Lokomotiv Moscow must return to the pinnacle of Russian football and be perennial title challengers, captain Dmitry Loskov said Thursday.
The team has struggled to make an impact on the league's top three in the last five years, riddled with inconsistent form that has seen them go through nine coaches in that time.
Their supporters yearn for the stability of the 1998-2005 era under coach Yury Semin that saw them take the title twice, in 2002 and 2004, and finish outside the top three only once, in 2003.
"We need to set the highest possible standards for ourselves," said Loskov, who scored the winning goal in the 2002 title decider against CSKA Moscow and is in his second stint with the club.
"We have developed a good young group of players, building a team for the future. ... We have to be the champions in the near future," said Loskov, a midfield playmaker who has made more than 300 appearances over 13 years with Lokomotiv.
Lokomotiv's only silverware in the last five years has been the 2007 Russian Cup, won thanks to an extra-time goal from Scottish forward Garry O'Connor. The last four seasons have seen the so-called Railway club finish seventh twice, then fourth, and fifth last season.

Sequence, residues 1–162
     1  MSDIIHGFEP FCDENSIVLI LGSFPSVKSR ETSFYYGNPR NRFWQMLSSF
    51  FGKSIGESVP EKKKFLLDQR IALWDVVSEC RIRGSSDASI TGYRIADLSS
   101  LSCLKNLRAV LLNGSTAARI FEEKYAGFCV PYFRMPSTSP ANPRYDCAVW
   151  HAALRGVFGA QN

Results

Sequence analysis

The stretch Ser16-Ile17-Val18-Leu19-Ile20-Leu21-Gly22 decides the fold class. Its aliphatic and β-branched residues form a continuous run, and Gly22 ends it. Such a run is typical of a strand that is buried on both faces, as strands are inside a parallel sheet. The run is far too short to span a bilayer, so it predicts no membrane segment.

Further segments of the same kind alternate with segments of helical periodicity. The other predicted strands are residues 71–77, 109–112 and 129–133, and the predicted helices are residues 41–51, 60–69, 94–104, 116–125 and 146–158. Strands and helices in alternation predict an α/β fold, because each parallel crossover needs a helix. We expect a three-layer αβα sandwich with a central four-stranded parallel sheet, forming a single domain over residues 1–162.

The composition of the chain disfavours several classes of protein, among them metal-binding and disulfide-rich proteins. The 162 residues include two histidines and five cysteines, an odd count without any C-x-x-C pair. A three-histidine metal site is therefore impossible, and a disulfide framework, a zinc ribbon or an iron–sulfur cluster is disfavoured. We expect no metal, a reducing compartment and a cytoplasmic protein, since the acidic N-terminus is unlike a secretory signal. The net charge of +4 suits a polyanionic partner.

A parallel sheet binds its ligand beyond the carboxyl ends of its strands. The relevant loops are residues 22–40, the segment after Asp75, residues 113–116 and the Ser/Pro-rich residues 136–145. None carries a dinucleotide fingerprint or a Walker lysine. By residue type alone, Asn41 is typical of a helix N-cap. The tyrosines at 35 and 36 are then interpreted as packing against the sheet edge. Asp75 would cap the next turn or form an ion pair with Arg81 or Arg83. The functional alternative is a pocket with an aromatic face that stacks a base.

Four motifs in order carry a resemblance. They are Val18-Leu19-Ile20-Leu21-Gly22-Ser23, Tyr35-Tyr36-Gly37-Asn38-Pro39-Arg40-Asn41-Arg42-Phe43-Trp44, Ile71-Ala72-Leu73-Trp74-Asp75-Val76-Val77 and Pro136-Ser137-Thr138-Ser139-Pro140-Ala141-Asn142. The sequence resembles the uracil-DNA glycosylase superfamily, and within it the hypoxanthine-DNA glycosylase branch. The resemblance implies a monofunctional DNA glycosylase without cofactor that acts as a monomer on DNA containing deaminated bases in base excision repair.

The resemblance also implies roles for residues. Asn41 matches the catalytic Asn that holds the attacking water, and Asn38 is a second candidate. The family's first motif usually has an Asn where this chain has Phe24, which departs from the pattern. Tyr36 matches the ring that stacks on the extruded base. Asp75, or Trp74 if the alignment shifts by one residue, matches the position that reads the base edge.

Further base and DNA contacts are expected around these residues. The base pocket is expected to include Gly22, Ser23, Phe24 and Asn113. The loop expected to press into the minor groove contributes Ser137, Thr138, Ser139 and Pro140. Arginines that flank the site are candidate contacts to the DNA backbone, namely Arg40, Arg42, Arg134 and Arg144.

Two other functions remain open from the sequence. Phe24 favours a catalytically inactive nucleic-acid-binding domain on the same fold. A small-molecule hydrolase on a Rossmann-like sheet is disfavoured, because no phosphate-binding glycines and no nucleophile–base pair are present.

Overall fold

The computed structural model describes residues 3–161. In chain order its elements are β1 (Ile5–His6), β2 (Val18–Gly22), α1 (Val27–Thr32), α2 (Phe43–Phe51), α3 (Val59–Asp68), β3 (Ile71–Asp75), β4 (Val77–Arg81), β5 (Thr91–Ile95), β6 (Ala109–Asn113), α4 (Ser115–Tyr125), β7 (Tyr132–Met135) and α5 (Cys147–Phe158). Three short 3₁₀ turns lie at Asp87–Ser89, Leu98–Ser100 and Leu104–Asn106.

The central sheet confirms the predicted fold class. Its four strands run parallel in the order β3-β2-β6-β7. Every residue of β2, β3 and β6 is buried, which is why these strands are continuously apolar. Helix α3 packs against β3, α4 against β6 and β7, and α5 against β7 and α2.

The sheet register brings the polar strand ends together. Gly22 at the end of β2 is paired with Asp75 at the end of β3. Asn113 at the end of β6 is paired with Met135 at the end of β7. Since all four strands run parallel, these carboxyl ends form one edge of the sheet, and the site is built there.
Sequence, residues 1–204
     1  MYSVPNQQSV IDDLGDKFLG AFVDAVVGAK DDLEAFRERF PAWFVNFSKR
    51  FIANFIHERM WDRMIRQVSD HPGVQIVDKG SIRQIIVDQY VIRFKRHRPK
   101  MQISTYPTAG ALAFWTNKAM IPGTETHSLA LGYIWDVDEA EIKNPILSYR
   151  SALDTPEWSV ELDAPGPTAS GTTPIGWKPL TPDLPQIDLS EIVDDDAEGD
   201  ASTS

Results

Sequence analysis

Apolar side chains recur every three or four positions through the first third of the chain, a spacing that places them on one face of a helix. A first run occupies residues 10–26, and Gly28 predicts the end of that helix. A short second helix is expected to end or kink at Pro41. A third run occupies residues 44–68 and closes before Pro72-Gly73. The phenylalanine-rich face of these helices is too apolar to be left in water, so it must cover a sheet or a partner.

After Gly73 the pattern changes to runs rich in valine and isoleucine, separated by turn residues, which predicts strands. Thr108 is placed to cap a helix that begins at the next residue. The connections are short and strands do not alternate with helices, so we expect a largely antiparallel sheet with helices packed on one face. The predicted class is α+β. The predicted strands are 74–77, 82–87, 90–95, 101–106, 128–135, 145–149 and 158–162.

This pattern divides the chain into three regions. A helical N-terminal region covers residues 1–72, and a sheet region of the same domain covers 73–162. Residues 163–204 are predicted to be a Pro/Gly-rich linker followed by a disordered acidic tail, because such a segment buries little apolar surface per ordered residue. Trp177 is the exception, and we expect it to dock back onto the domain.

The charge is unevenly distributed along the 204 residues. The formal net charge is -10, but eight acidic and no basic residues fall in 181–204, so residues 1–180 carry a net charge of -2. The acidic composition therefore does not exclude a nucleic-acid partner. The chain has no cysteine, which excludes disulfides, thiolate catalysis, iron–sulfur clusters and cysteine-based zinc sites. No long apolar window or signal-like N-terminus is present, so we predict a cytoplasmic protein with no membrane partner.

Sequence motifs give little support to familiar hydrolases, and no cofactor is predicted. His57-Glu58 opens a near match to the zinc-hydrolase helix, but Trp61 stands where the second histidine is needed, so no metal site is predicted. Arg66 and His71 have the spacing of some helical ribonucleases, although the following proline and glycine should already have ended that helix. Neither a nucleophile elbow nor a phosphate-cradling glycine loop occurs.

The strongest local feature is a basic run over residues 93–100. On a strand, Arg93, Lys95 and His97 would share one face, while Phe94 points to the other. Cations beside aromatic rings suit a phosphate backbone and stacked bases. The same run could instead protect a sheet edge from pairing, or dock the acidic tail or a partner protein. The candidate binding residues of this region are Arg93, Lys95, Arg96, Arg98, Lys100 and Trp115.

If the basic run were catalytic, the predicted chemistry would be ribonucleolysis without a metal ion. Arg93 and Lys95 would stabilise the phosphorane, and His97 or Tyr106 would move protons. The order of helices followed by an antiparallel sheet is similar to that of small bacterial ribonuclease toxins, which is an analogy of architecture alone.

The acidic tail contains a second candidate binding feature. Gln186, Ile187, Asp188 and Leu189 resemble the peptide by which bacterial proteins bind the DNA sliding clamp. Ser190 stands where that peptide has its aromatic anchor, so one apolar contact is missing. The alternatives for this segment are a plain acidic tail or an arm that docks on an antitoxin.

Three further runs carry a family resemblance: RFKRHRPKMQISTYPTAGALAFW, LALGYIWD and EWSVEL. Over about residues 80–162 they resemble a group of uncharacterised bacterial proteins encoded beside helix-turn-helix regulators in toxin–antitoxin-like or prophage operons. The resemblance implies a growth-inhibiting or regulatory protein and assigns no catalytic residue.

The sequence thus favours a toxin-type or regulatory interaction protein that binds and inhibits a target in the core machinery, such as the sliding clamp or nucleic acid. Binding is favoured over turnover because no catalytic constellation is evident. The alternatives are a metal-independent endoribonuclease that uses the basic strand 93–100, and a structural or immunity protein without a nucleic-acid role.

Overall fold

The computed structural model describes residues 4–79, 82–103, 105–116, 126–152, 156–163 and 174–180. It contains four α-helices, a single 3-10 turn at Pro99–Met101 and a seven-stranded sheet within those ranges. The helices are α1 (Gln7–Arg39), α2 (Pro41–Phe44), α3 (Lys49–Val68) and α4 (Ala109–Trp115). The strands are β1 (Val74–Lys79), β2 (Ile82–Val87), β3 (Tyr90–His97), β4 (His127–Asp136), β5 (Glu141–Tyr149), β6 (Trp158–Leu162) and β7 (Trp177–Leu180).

This season, currently in its winter break, promises to be relatively succesful for Lokomotiv, who are in fifth but just two points off Dinamo Moscow in third, with 14 games to go.
The upswing comes despite behind-the-scenes turbulence: In July, coach Yury Krasnozhan was fired after unsubstantiated accusations by club bosses of match fixing.
Krasnozhan's departure came despite the club enjoying a succesful start to the season, leading to speculation of infighting between him and chairwoman Olga Smorodskaya. Krasnozhan has since been heavily linked with the vacant post at Anzhi Makhachkala, the billionaire-backed club from Dagestan.
Supporters, however, applauded Smorodskaya's appointment of Portuguese coach Jose Couceiro, who has lost just three of his 16 games since joining in July.